It's fun to see two very sharp young women navigating successfully what was a man's world!
You both have killed so many people. Your ledgers must be dripping, just gushing red. I couldn't be more proud of you.’ Alexei Shostakov (David Harbour): [to Natasha and Yelena]
What helps me through the bombs and kicks of super-hero films is the consistent “family” theme. It may be whole families or individual members looking for parents or siblings. In Black Widow, Natasha (Scarlett Johannson) is seeking reconciliation with her sister and her parents. BW frames the entire adventure around the family dynamic. Notwithstanding the combative family of Avenger superheroes themselves, this version brings home the importance of real home.
Although Black Widow is historically placed between Captain America: Civil War and Avengers: Infinity War, it has its own surfeit of mano-mano fighting and explosions. When the dust settles, Natasha joins forces with her sister, Yelena Belova (Florence Pugh) to find her mother, Melina (Rachel Weisz), and father, Alexei (David Harbour). Things are not as they seem when the daughters do catch up to join forces after some rocky initial actions.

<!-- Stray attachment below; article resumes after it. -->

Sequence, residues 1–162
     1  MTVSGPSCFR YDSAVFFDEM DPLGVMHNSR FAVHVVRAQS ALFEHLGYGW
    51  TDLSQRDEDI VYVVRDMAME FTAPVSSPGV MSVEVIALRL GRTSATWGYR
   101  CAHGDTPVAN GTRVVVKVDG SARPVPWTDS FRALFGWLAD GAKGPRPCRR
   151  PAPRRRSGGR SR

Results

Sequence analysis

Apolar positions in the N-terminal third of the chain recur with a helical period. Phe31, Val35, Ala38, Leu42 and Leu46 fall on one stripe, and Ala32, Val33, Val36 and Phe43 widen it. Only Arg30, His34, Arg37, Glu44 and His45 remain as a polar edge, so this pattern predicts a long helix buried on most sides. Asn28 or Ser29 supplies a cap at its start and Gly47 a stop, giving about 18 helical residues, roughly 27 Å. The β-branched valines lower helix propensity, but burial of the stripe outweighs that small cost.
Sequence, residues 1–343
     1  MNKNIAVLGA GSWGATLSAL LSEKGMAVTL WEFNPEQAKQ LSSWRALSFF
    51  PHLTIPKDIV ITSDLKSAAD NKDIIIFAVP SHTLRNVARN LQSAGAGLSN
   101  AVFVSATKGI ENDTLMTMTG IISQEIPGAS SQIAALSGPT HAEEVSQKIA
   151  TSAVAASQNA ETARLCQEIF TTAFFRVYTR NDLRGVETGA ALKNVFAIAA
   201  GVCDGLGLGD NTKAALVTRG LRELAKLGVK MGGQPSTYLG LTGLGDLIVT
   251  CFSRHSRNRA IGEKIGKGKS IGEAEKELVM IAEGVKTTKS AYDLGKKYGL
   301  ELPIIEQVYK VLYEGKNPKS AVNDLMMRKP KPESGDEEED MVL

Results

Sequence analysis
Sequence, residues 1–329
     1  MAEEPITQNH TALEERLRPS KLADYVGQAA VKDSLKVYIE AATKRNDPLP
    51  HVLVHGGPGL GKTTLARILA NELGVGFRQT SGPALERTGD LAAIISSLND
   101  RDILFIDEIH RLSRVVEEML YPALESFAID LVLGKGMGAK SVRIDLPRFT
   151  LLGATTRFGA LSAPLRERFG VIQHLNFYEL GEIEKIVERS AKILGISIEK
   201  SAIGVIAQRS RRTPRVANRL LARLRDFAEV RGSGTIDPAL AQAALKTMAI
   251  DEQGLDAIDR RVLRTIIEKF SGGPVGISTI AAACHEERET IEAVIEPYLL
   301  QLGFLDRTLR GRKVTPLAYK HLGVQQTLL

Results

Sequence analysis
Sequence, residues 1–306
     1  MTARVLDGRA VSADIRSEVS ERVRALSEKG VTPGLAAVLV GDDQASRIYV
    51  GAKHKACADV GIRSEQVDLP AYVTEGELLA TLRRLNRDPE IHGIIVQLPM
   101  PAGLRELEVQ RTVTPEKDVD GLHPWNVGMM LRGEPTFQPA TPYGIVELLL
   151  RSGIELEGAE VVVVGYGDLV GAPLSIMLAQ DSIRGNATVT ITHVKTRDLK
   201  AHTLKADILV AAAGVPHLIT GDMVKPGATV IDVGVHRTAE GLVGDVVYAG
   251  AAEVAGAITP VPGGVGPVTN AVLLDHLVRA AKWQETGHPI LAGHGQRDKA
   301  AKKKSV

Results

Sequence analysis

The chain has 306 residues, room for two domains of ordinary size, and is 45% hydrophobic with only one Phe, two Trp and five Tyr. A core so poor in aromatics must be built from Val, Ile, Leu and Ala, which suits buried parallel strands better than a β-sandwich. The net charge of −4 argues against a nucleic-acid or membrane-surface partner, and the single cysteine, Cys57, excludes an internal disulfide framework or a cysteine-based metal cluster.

The first forty minutes of the family’s escape from their idyllic Ohio home are as exciting an opener as you will likely see this summer. Then, as the formula demands, there is a Bond-like megalomaniac, Dreykov (Ray Winstone), whom the girls will target as he dominates other “widows” around the world with chemically-induced mind control.
Twenty-one years later, Natasha escapes a SWAT team to Norway, then briefly rejoining Yelena in Budapest before they both try to evade an armored vehicle and the menacing Dreykov soldiers who mimic the fighting techniques of their prey—even Avengers.
The vials of antidote Yelena steals were designed by Dreykov to erase free will of the world’s widows—a McGuffin-like device that is lost amid the chaos. The nice touch is that the sisters not only can knock off this world enemy, but they can also liberate strong young women, a gentle way of introducing the feminist motif without beating the audience with it. After quite capable director Cate Shortland and writer Eric Pearson allow the sisters to reconcile, watch for Yelena mocking Natasha’s balletic hair-toss pose. Not all the impact of the heroic epic is explosions.
Johansson and Pugh are in the Butch Cassady tradition of buddy bonding, a characterizing that promises future Avengers’ sagas to be more humane and endearing. BW is solid summer fun either at the theater or on Disney+.
Director: Cate Shortland (Lore)
Screenplay: Eric Pearson (Godzilla vs. Kong)
Cast: Scarlett Johansson (Lost in Translation)
Run Time: 2h 13m
John DeSando, a Los Angeles Press Club first-place winner for National Entertainment Journalism, hosts WCBE’s It’s Movie Time and co-hosts Cinema Classics. Contact him at JohnDeSando62@gmail.com